CLI variables

You can pass variables into your configuration from the command line using the -v key=value flag. There is also a mechanism called CLI_DEFAULTS which lets you easily set the defaults on variables that are otherwise controlled from the command line.
This gives you the opportunity to run different code when a value is passed.

Passing variables

To pass a variable from CLI, just use the parameter -v key=value when using subcommands preview or push.
Example: dnscontrol preview -v testKey=testValue
This would set the variable with the name testKey and the value of testValue when processing dnsconfig.js

Define defaults

The CLI_DEFAULTS feature is used to define default values for when a variable is not defined on the command line.
CLI_DEFAULTS({
"variableName": "defaultValue",
});
You need to define this defaults just once in your dnsconfig.js. It should be defined before using it.
Please keep in mind that accessing an undefined variable is an error. If it is not set on the command line nor in CLI_DEFAULTS, accessing the variable will fail.

Example 1: Different IPs for internal/external DNS

In this example we have a number of variables which need to be set differently when view=internal.
In this configuration:
  • dnscontrol push would generate the external (default) view.
  • dnscontrol push -v view=internal would generate the internal view.
// See https://docs.dnscontrol.org/advanced-features/cli-variables
CLI_DEFAULTS({
"view": "external",
});
if (view == "external") {
// BIND view: external (192.168.0.0/16 addresses)
var host01 = "192.168.0.16";
var host02 = "192.168.0.17";
} else {
// BIND view: internal (10.0.0.0/8 addresses)
var host01 = "10.0.0.16";
var host02 = "10.0.0.17";
}
​
/// ...much later...
​
D("example.org", REG_NAMECOM, DnsProvider(DNS_NAMECOM), DnsProvider(DNS_BIND),
A("sitea", host01, TTL(1800)),
A("siteb", host01, TTL(1800)),
A("sitec", host02, TTL(1800)),
A("sited", host02, TTL(1800))
);

Example 2: Different DNS records

In this example different code is run when emergency=true. Normally server12 is an A record but in an emergency it is a CNAME.
In this configuration:
  • dnscontrol push would generate the normal configuration.
  • dnscontrol push -v emergency=true would generate the emergency configuration.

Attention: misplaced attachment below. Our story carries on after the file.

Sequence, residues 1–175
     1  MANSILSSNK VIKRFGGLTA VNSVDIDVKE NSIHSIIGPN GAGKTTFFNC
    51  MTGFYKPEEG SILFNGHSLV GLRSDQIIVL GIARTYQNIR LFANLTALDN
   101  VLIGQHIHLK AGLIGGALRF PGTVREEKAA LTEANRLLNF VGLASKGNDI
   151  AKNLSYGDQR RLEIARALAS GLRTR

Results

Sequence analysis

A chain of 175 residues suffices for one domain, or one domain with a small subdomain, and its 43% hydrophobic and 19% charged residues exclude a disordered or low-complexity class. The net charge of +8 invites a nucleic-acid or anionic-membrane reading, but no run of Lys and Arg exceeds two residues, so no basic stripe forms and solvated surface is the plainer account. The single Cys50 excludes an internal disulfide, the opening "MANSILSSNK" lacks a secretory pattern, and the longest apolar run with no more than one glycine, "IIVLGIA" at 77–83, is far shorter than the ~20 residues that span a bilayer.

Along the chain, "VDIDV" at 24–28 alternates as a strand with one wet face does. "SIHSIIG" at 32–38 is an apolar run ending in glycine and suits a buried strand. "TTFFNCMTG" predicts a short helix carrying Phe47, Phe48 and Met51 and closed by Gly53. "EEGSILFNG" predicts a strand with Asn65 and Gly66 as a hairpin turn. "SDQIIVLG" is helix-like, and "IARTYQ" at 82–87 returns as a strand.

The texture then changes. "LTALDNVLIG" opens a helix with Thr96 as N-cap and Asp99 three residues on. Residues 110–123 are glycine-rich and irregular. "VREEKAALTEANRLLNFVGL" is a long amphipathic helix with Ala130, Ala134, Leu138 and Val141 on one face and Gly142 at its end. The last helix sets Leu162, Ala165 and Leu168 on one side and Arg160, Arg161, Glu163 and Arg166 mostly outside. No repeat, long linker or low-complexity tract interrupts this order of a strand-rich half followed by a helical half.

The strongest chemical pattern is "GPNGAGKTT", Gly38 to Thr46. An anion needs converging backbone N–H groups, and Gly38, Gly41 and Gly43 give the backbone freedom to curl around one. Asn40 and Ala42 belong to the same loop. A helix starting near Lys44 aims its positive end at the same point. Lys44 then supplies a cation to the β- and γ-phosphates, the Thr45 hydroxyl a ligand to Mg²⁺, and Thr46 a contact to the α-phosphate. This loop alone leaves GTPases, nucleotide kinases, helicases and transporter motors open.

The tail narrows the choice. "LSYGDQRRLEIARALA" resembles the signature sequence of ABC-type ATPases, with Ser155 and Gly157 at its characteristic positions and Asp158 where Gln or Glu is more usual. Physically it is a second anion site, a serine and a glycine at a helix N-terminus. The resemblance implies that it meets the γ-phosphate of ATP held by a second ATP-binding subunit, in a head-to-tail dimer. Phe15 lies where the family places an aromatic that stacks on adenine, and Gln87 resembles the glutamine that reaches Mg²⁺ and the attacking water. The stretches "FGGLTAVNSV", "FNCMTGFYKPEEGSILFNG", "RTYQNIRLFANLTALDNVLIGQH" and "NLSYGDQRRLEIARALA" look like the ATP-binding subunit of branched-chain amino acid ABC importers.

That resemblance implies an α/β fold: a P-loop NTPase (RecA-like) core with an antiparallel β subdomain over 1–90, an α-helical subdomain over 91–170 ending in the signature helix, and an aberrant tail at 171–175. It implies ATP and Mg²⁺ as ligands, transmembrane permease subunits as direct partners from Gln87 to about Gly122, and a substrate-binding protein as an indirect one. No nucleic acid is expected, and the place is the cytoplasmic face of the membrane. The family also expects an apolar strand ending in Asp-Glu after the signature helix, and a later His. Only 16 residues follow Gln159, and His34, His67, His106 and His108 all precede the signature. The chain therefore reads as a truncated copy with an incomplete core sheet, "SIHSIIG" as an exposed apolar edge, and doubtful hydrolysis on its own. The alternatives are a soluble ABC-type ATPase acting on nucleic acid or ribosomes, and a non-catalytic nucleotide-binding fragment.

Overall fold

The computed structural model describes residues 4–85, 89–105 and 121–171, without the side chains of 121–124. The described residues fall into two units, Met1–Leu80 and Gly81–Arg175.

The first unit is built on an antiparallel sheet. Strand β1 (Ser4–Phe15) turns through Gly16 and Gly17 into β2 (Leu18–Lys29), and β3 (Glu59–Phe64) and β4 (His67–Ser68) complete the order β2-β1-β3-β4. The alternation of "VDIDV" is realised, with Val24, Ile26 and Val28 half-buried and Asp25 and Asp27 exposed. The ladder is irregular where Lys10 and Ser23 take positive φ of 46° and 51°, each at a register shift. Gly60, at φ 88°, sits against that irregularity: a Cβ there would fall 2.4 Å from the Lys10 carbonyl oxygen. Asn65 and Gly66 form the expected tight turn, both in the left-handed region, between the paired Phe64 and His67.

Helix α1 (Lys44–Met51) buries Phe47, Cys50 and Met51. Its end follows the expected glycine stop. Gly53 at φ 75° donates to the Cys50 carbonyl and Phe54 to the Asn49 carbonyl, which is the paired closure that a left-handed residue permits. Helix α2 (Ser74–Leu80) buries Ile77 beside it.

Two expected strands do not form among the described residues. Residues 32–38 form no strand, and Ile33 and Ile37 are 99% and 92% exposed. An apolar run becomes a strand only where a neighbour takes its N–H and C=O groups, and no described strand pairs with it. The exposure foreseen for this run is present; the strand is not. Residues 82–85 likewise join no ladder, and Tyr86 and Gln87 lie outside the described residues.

// See https://docs.dnscontrol.org/advanced-features/cli-variables
CLI_DEFAULTS({
"emergency": false,
});
​
// ...much later...
​
D("example.com", REG_EXAMPLE, DnsProvider(DNS_EXAMPLE),
A("www", "10.10.10.10"),
);
​
if (emergency) {
// Emergency mode: Configure A/B/C using CNAMEs to our alternate site.
​
D_EXTEND("example.com",
CNAME("a", "a.othersite"),
CNAME("b", "b.othersite"),
CNAME("c", "c.othersite")
);
​
} else {
// Normal operation: Configure A/B/C using A records.
​
D_EXTEND("example.com",
A("a", "10.10.10.10"),
A("b", "10.10.10.11"),
A("c", "10.10.10.12")
);
​
}

ProTips

The cli variables functionality permits you to create very complex and sophisticated configurations, but you shouldn't. Be nice to the next person that edits the file, who may not be as expert as yourself.
While there is no limit to the number of variables that can be set on the command line, doing so is annoying to the person using the tool. It is better to set one variables which specifies a "mode". This mode is then used to automatically set other variables. This way the user can determine the mode and the code can determine what to do in that mode. This is less error-prone and more testable.
In the first example, you'll see that one variable is used to set a mode which then determines many other variables. This is done in one place, at the top of the file. Everything related to this is isolated to one place, thus easier to maintain. The rest of the file simply uses those variables.
In the second example, you'll see a boolean variable is set which selects which code will run different code. While the conditional code is not isolated to the top of the file, the conditional code is placed immediately after the domain.
In both examples, not setting any variables on the command line does something reasonable. If someone accidentally runs dnscontrol push without any variables, the behavior is correct (assuming we're not in emergency mode, which is unlikely).